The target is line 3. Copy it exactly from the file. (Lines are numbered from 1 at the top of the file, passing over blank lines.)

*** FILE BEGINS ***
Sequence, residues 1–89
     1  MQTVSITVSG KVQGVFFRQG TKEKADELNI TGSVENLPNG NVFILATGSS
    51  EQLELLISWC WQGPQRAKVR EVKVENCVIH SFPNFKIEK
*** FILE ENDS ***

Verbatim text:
    51  EQLELLISWC WQGPQRAKVR EVKVENCVIH SFPNFKIEK